• jimjamjamie - Thursday, July 10, 2014 - link

    An i7-broadwell w/Iris Pro w/16GB RAM and a fast SSD sounds like a sweet CAD/3D workstation. On top of that you could probably get some Minecraft or TF2 on the go with £0 spent on a graphics card. Reply
  • just4U - Friday, March 21, 2014 - link

    It will be interesting to see what they come up with here. Any Ideas (or rough guesses..) on launch dates? I saw no reason to upgrade to the 3x/4x series by Intel but something like this will be a lot more tempting. Reply
  • HardwareDufus - Friday, March 21, 2014 - link

    Cool. Looks like I'll be getting an I7-5770k for my next mini-ITX build. Reply
  • ZveX - Sunday, March 23, 2014 - link

    sub 70$ pentium's with iris pro igpu would be awesome Reply
  • TheinsanegamerN - Sunday, March 23, 2014 - link

    the broadwell unlocked pentium with the iris pro gpu would be the perfect combo. Reply
  • BMNify - Sunday, March 23, 2014 - link

    several points to consider here , the fact pentium even the quad core does Not have AVX or AVX2 is a severe problem as a mass cpu today, as is the fact that people don't seem to realize that Intel have at best 2 or 2 tick/tocks to get the the generic UHD-2 7680 pixels wide by 4320 pixels high (33.2 megapixels) and requires 16 times the number of pixels as the current 1080p HDTV. It is the generation after 4K, which is set at 3840 pixels wide by 2160 pixels high.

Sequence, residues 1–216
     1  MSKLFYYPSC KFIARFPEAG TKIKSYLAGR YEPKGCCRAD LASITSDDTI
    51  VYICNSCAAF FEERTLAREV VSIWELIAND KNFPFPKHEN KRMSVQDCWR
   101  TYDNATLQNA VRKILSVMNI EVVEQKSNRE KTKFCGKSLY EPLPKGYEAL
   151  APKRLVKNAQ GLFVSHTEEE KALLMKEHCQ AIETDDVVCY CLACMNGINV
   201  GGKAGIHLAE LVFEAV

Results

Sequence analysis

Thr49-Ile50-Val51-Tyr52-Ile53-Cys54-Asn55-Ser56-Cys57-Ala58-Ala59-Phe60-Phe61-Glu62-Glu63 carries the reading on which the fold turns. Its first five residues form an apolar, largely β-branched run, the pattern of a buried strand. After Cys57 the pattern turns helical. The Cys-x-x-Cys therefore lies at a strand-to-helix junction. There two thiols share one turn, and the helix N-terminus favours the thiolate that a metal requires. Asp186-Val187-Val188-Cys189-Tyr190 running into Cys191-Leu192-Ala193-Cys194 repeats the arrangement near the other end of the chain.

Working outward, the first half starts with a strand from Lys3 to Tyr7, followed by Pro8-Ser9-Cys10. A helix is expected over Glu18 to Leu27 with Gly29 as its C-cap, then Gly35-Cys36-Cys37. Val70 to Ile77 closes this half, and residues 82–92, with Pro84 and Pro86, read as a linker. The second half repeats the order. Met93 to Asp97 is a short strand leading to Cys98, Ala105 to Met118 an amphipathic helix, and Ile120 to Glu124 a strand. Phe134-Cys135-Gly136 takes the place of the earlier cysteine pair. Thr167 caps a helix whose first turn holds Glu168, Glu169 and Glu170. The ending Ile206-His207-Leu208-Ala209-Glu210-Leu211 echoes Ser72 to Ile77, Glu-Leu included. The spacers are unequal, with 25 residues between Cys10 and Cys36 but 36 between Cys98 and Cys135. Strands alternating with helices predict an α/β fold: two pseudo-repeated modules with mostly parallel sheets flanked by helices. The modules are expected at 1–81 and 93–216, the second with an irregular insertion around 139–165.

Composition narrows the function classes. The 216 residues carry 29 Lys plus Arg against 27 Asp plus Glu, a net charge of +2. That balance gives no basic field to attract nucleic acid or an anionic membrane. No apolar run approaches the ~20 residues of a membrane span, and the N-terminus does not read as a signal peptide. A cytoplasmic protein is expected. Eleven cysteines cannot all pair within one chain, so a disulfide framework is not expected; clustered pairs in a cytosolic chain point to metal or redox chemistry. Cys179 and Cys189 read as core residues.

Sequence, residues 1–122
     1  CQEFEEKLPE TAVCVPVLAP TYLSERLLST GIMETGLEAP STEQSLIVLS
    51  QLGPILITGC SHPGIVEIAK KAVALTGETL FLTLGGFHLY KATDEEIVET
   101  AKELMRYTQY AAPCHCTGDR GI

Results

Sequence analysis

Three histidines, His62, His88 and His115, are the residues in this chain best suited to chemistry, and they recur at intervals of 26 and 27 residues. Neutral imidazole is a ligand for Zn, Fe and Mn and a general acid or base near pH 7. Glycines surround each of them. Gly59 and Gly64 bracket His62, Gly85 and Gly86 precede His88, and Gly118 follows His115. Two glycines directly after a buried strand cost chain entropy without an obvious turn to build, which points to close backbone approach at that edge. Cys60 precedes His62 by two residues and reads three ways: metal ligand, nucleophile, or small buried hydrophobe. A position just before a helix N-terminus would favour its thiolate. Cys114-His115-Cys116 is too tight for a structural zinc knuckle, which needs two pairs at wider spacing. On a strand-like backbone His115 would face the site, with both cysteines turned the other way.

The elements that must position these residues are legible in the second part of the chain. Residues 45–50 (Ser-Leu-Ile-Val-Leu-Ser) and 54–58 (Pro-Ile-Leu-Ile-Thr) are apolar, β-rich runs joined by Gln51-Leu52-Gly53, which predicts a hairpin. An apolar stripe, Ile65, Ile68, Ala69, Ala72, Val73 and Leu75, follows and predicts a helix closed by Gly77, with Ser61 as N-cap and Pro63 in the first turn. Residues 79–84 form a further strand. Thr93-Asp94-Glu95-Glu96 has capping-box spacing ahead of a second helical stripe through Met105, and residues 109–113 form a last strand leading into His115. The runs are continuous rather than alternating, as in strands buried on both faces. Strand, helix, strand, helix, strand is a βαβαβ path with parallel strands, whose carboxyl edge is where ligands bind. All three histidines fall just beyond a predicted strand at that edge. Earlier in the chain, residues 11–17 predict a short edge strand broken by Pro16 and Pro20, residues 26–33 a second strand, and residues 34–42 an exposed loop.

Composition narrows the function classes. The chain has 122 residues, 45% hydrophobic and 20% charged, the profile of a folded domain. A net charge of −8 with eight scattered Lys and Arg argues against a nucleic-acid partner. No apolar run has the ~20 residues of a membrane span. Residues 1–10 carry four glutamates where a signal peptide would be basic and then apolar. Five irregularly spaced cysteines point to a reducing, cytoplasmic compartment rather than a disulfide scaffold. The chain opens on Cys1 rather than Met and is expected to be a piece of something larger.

its also apparent that many are unaware of the true long term UHD initiatives by NHK and the BBC R&D http://www.bbc.co.uk/rd/blog/2013/06/defining-the-... also you should be aware that NHK is To Give 8K Broadcast Demo at NAB Show

    the Japanese public broadcaster NHK is planning to give a demonstration of "8K" resolution content over at single 6MHz bandwidth UHF TV channel at the National Association of Broadcasters (NAB) Show coming up in Las Vegas, Nevada, April 5 to 10.

    This will be the first demonstration of an 8K Super Hi-Vision over-the-air broadcast outside Japan, according to the NAB Show organizers.

    Engineers from NHK are also set to present details of a long-distance, single-channel, over-the-air 8K test broadcast conducted recently in Japan.

    In order to transmit the 8K signal, whose raw data requirement is 16 times greater than an HDTV signal, it was necessary to deploy additional technologies

    These include ultra multi-level orthogonal frequency domain multiplex (OFDM) transmission and dual–polarized multiple input multiple output (MIMO) antennas.

    This was in addition to image data compression. The broadcast uses 4096-point QAM modulation and MPEG-4 AVC H.264 video coding.

    Flagship broadcasting events such as the Olympic games or the soccer world cup often do much to stimulate switchover. Tokyo's successful bid to host the summer Olympic games in 2020 is seen as the event which may mark the beginning of the 8K era...
    Reply
  • HardwareDufus - Tuesday, March 25, 2014 - link

    When all of this 8K stuff is ready..... well then I'll just use my system with an I7-7770k to run it.....
    So, I'll get several years of satisfactory computing and media consumption with my shiny new I7-5770k.
    Reply